After winning back control of Great Yarmouth Borough Council in May after 12 years of a Conservative administration, I am more than happy to accept Peter’s invitation to attend an open meeting, to allow members of the public to ask me, and my cabinet members open questions from the floor.
I would be happy to host this meeting at the Town Hall, and would encourage residents to attend when a date has been confirmed.
Cllr TREVOR WAINWRIGHT
Postcards? We need wardens
Re Dirty Dogs: This is an issue I have been having with the council for some time and it is not going away.
I would like to know how this latest piece of nonsense is going to work? Giving out postcards to everyone so that they can report the dog fouling? Do they expect members of the public to go and ask these people their names and addresses? I don’t think so, I for one would not do that.
Surely the money would be far better spent on paying for wardens to be on patrol during the dark hours. This is when the people of Yarmouth are walking their dogs. More rubbish bins are needed to put the mess in and instead of taking these people to court make them clean up the mess and scrub streets, this would be a far better deterrent as the people who do not clean up are not likely to pay fines. I agree that licences should be brought back to pay for all these necessary measures.
How did trains turn around?
Perhaps this should be directed to Peggoty, but I was sitting at home the other night reading the Mercury about the Southtown and Vauxhall stations and I thought how, or whereabouts, the steam trains used to turn around to go back to Lowestoft/Norwich? I have asked my friends and none of us can recall how, perhaps one of your readers can help us?
A vibrant arts community here
Further to her letter in the 11 January issue of the Mercury, Great Yarmouth Preservation Trust appreciates Vivienne Rainsbury’s concerns about plans to create a gallery at 133 King Street. All comments and views are welcomed. This project is a response to the vibrant arts community in Yarmouth and the recognition that it deserves more resource, and the views of local artists are obviously going to be taken into account.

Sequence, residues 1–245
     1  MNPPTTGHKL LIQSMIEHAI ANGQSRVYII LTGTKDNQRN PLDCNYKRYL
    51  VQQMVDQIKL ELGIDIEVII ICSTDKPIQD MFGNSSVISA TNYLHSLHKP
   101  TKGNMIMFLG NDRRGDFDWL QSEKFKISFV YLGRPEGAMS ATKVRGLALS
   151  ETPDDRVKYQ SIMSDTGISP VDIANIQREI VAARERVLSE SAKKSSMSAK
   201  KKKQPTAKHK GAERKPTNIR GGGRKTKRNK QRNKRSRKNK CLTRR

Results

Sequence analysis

The initiative demonstrated by the Guild of Artists and Craftsmen in setting up the Guild Gallery in otherwise empty retail space in Victoria Arcade is a good example of the enterprise that exists locally, and indeed two members of the Guild contributed to a series of in-depth interviews with local artists which were referred to in preparing the Trust’s feasibility study. These interviews revealed many of our artists exhibit to much acclaim elsewhere in the region but seldom, if ever, in Great Yarmouth (see http://eastcoastnettransitions.wordpress.com/).
Yet, as rightly pointed out, the recent very well presented Arts Festival exhibition in Yarmouth Minster provided ample evidence of the aspiration, quality and scope to be sourced here, and how such showcasing of artists’ work can successfully attract regional visitors as well as residents interested in the arts.
The Trust concluded the range and quality of creative output in Great Yarmouth would benefit from a dedicated and purpose designed space where artists can hold secure one-man shows presented in a professional manner.
This will not be a funded gallery as the SeaChange Gallery in Market Row was and will need to be run as a self-sufficient business, but King Street promises to be an accessible central location and hopefully the new gallery will be warmly supported as one opportunity, amongst others, to celebrate the arts in Great Yarmouth.
Great Yarmouth Preservation Trust
Bridge disaster fundraising day
I am having a fundraising day for the 1845 Great Yarmouth Suspension Bridge Disaster memorial, Saturday, March 23 in the Priory Hall, which was founded because of the disaster.